30

I'm writing a recipe organizer as a sample project for a class. I'm not very experienced with DRF other than using some very basic functionality. Here's the objective:

Create a new Recipe with associated Ingredients. Create the Ingredient objects at the same time as creating the Recipe object.

models.py:

class Ingredient(models.Model):
name = models.CharField(max_length=100)

def __str__(self):
    return self.name


class Recipe(models.Model):
    name = models.CharField(max_length=100)
    description = models.TextField(blank=True, null=True, help_text="This is a quick description of your recipe")
    directions = models.TextField(help_text="How to make the recipe")
    ingredients = models.ManyToManyField(Ingredient)

    def __str__(self):
        return self.name


serializers.py

class IngredientSerializer(serializers.ModelSerializer):

    class Meta:
        model = Ingredient


class RecipeSerializer(serializers.ModelSerializer):
    ingredients = IngredientSerializer(many=True)

    class Meta:
        model = Recipe

    def create(self, validated_data):
        ingredients_data = validated_data.pop('ingredients')
        recipe = Recipe.objects.create(**validated_data)
        for ingredient_data in ingredients_data:
            Ingredient.objects.create(**ingredient_data)
        return recipe

This successfully creates the Recipe object AND the Ingredients objects in the database, but doesn't associate the list of Ingredients with the Recipe. I assume this is because when I run ingredients_data = validated_data.pop('ingredients'), the validated_data dictionary gets its Ingredients removed, so when I create a new Recipe using validated_data, there aren't associated ingredients.

However I can't seem to figure out a way to keep ingredients associated with the recipe.

35

I figured out that ManyToMany relationships can't be established until all of the uncreated objects have been created. (See the Django Docs page on many-to-many relationships.)

Here's the working code:

serializers.py

class RecipeSerializer(serializers.ModelSerializer):
    ingredients = IngredientSerializer(many=True)

    class Meta:
        model = Recipe

    def create(self, validated_data):
        ingredients_data = validated_data.pop('ingredients')
        recipe = Recipe.objects.create(**validated_data)

        for ingredient in ingredients_data:
            ingredient, created = Ingredient.objects.get_or_create(name=ingredient['name'])
            recipe.ingredients.add(ingredient)
        return recipe

UPDATE:

Per request of @StevePiercy, below is my update() code. However, I haven't looked at this in years and have no idea whatsoever if it is correct or good. I haven't been working in Python or Django for some time now, so take this with a grain of salt:

def update(self, instance, validated_data):
    ingredients_data = validated_data.pop('ingredients')

    instance.name = validated_data.get('name', instance.name)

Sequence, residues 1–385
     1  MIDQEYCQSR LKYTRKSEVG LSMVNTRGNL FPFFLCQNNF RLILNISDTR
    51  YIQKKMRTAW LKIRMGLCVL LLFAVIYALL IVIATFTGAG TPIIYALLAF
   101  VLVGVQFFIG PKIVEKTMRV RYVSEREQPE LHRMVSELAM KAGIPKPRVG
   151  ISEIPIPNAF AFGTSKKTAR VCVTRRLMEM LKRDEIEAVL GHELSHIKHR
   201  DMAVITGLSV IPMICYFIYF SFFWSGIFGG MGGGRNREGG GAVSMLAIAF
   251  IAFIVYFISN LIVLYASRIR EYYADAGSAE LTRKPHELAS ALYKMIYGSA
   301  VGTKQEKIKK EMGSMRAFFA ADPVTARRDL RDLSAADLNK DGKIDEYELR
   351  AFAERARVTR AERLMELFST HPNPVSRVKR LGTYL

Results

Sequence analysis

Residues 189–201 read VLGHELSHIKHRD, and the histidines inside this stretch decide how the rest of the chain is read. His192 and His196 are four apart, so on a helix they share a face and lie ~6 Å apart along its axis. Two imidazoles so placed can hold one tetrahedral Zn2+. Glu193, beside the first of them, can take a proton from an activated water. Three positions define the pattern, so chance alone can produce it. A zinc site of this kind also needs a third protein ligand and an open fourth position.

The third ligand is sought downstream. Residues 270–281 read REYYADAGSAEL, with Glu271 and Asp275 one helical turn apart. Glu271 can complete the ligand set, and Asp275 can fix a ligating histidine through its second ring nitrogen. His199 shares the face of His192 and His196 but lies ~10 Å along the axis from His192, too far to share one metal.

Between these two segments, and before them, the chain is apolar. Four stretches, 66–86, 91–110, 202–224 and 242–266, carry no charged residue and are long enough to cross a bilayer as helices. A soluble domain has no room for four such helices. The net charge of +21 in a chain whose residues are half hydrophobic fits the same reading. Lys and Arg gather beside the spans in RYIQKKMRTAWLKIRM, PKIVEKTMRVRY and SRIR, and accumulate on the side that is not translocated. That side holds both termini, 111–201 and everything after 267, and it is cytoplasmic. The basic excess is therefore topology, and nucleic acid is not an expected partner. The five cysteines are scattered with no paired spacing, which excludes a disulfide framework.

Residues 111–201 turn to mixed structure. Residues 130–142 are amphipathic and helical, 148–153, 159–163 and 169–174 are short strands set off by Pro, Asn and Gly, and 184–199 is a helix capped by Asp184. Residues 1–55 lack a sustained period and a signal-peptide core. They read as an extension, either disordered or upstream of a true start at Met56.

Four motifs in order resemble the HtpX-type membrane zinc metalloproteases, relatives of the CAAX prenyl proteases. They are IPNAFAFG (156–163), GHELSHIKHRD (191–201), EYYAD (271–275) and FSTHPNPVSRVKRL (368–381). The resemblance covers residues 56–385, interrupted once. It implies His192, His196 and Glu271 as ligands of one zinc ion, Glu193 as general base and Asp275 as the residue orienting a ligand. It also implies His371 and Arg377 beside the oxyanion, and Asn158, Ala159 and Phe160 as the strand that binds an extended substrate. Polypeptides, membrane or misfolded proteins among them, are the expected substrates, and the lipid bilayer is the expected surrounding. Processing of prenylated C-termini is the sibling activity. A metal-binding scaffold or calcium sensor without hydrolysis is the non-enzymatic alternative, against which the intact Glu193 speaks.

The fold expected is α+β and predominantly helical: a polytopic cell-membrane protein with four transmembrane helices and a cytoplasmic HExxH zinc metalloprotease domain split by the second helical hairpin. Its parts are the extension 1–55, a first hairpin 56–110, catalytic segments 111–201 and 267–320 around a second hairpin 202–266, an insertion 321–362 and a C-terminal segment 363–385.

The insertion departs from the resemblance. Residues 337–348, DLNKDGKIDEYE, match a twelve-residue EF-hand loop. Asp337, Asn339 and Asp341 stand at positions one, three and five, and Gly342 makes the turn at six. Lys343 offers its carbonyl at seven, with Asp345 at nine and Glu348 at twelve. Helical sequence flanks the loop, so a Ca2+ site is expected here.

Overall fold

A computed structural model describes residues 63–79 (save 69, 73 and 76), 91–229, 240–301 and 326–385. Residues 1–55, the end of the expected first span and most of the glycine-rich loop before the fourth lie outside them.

instance.description = validated_data.get('description', instance.description)
    instance.directions = validated_data.get('directions', instance.directions)
    instance.photo = validated_data.get('photo', instance.photo)

    ingredients_list = []

    for ingredient in ingredients_data:
        ingredient, created = Ingredient.objects.get_or_create(name=ingredient["name"])
        ingredients_list.append(ingredient)

    instance.ingredients = ingredients_list
    instance.save()
    return instance
  • What do you do with ingredients_list? – iankit Oct 8 '15 at 11:31
  • @iankit Whoops, I realized I had pasted in a snippet from my update() method instead. I've fixed it to reflect the correct code. Thanks! – bobbyz Oct 10 '15 at 0:17
  • Looks perfect now. – iankit Oct 10 '15 at 17:33
  • I am noticing when I try to do something similar to this, I am getting "Lists are not currently supported in HTML input." on the browsable API. Any tips on how to work around this? – ML. Aug 1 '16 at 8:23
  • @bobbyz would you please be so kind to share your update() method, too? – Steve Piercy Feb 25 '18 at 7:13
7

This is a little example with this question.

Change that part of code by this.

    def create(self, validated_data):
        ingredients_data = validated_data.pop('ingredients')
        recipe = Recipe.objects.create(**validated_data)

        for ingredient in ingredients_data:
            ingredient, created = Ingredient.objects.get_or_create(name=ingredient['name'])
            recipe.ingredients.add(ingredient)
        return recipe

And this is the method to edit, cause an error when you want to edit.

    def update(self, instance, validated_data):
        ingredients_data = validated_data.pop('ingredients')
        instance.name = validated_data['name']
        instance.description = validated_data['description']
        instance.directions = validated_data['directions']

        for ingredient in ingredients_data:
            ingredient, created = Ingredient.objects.get_or_create(name=ingredient['name'])
            recipe.ingredients.add(ingredient)
        return instance

Here is a link with an example, this code is similar to an another answers, but if you want to try the code, without problems here is the repo. Good luck! DRF Nested serializers

  • 1
    How did this get down voted when the code looks the same as the accepted answer? – wobbily_col Jul 25 '16 at 20:31
  • I would suggest this small change for robustness: ingredient, created = ingredient.objects.get_or_create(**ingredients_data) That way the dictionary is passed as a **kwargs to the constructor, thus abstracting the actual class structure. Otherwise, this answer helped me a lot! Thanks! – Théo T. Carranza Feb 13 '17 at 12:57

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